Taxonomies occupied a double slot ("Taxonomy Tales") on the program on Thursday afternoon. Jennifer Evert, Taxonomy Product Manager at LexisNexis and Marjorie Hlava, President of Access Innovations each discussed their work on taxonomies.
At LexisNexis, taxonomies and indexing are seen as a key strategic focus to help users find answers quickly and efficiently. They are used to analyze answer sets and suggest search terms, classify sources, and launch new searches. The power of taxonomies lies in their ability to manage large amounts of information, provide a common terminology, create metadata to enhance the search process, and help users find answers to make more informed decisions.
The LexisNexis taxonomy has more than 3500 subject or industry terms, 330,000 company names, and 900 geographic area terms. Many of the terms were created using rules developed by the indexers. The rules base includes rules for weighting, location, frequency, and variety of terms. Expert indexers research, test, and maintain the rule sets, and the entire archive is re-indexed quarterly. Automated indexing helps develop terms, but human editorial expertise is still needed. The coverage is currently being extended from English to other languages; German and French are the first non-English languages to be included. LexisNexis has developed parallel interfaces: one for sophisticated searchers that takes full advantage of the taxonomies and thesaurus metadata to build queries, and one for casual users that provides simple search aids and analysis of answer sets to help them fine-tune their searches.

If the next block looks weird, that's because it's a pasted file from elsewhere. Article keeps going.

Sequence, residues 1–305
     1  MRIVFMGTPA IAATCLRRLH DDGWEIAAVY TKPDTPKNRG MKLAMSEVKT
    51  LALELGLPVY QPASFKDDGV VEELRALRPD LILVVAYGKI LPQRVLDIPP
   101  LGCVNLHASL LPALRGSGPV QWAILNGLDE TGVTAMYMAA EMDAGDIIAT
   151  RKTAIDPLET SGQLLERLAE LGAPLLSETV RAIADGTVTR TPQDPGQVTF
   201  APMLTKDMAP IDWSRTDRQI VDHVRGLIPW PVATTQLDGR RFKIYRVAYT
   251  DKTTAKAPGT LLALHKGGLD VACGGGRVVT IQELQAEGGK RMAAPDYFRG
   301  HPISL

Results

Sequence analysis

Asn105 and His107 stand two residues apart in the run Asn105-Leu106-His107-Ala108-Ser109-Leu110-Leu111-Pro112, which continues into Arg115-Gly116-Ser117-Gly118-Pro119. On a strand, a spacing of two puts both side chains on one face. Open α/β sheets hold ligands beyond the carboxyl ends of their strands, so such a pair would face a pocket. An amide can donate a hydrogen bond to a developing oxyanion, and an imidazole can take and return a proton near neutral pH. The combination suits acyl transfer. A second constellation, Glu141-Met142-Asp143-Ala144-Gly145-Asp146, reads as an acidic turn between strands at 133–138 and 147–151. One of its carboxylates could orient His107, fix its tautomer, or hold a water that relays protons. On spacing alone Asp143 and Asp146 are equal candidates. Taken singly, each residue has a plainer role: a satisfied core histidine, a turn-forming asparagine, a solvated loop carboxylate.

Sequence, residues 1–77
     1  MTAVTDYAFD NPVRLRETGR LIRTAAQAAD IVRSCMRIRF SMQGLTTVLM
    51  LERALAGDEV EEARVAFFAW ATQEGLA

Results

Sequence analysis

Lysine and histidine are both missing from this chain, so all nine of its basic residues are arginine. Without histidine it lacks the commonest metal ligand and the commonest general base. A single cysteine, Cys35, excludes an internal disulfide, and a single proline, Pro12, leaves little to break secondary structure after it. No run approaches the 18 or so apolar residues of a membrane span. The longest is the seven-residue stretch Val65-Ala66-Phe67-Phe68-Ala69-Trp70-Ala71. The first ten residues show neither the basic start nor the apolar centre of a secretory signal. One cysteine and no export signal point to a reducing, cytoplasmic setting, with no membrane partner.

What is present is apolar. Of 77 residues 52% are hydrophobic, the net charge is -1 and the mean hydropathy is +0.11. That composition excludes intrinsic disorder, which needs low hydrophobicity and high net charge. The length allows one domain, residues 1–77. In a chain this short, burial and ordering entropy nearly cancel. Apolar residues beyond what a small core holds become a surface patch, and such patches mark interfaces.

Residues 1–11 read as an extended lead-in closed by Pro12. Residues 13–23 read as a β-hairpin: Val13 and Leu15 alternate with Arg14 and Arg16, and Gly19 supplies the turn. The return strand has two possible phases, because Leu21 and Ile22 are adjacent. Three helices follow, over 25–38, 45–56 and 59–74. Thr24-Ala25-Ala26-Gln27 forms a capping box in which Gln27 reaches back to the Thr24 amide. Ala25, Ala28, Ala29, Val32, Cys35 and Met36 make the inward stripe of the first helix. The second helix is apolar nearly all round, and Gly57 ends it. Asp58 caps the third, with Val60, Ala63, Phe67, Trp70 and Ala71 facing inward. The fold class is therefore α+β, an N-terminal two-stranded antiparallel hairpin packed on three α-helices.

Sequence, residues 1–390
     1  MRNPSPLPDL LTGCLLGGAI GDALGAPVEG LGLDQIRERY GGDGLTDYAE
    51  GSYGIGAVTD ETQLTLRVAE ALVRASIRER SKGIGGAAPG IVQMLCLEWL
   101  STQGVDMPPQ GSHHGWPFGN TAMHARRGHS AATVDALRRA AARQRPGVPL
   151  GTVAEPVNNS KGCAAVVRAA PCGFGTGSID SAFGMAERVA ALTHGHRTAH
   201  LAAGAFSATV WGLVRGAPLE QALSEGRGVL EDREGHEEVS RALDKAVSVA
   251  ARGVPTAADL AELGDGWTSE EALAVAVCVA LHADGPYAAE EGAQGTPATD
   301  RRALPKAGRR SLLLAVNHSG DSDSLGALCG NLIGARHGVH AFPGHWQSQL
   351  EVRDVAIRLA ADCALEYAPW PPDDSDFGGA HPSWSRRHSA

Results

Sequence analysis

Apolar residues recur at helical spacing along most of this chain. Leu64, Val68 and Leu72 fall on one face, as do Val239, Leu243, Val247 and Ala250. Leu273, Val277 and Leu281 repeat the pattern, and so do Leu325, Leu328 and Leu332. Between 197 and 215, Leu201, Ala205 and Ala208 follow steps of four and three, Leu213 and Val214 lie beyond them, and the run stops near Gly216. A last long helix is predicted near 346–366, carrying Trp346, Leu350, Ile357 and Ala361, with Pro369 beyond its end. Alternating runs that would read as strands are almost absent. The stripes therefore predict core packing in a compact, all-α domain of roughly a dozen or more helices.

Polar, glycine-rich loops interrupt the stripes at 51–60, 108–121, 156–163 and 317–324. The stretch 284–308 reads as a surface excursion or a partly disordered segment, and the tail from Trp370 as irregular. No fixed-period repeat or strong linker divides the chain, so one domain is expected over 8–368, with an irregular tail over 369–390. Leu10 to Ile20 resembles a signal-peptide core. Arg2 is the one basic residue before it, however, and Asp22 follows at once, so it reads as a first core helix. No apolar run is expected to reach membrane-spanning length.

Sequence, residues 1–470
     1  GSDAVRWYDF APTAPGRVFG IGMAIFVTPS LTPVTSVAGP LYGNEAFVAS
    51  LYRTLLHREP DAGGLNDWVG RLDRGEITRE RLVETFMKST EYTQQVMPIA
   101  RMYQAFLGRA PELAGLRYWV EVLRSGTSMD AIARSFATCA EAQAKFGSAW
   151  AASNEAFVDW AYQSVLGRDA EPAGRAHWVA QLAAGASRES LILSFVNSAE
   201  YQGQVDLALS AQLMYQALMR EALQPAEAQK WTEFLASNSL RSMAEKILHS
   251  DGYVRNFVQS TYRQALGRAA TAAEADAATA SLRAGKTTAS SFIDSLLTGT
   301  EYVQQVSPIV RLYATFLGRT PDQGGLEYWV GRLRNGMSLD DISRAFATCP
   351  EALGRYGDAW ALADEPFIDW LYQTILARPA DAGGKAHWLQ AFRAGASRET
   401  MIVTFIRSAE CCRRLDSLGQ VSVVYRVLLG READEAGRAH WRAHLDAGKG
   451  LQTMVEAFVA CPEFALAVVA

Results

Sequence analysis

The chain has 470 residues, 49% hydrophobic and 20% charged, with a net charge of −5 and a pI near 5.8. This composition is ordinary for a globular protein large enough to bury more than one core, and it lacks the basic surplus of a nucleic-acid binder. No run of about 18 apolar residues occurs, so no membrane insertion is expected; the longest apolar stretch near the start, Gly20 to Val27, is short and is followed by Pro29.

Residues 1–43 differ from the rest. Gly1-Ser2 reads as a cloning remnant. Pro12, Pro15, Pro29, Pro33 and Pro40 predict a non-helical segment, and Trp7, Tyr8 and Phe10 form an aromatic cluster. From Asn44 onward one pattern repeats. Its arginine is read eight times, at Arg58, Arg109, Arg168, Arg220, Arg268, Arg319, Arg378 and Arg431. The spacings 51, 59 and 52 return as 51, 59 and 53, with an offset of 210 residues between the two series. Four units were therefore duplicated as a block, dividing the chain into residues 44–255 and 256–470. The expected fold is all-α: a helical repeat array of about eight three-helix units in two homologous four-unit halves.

Access maintains the thesaurus of the National Information Center for Educational Media (NICEM). Developers have access to a tool that provides them with various views of the thesaurus: alphabetic, hierarchical, and term records. Extensive use is made of machine-aided indexing (MAI), which suggests terms, tracks suggestions and editor’s choices, and enables rule changes. However, MAI is only an aid and prompt; the editor makes the decisions about term inclusion. The editors can also write rules based on term selection criteria.
Requirements for indexing tools include: suggesting terms that are valid, correctly formatted, and conceptually appropriate, but not suggesting terms not meeting these criteria. Good indexing tools will lead to faster and more consistent production by providing memory prompts for forgotten terms, indexing all relevant concepts deeply and specifically, and integrating the thesaurus with the database management system.
Searchers find info 50% faster using browsable categories instead of list returned from a full text search. They prefer browsable category search terms. Integrated thesaurus tools provide cross-checks, validation, feedback, error prevention, interconnection, cooperation, coordination, and seamless integration with the database.
With all these benefits, there is little wonder why thesauri and taxonomies are such popular subjects today.
Columnist, Information Today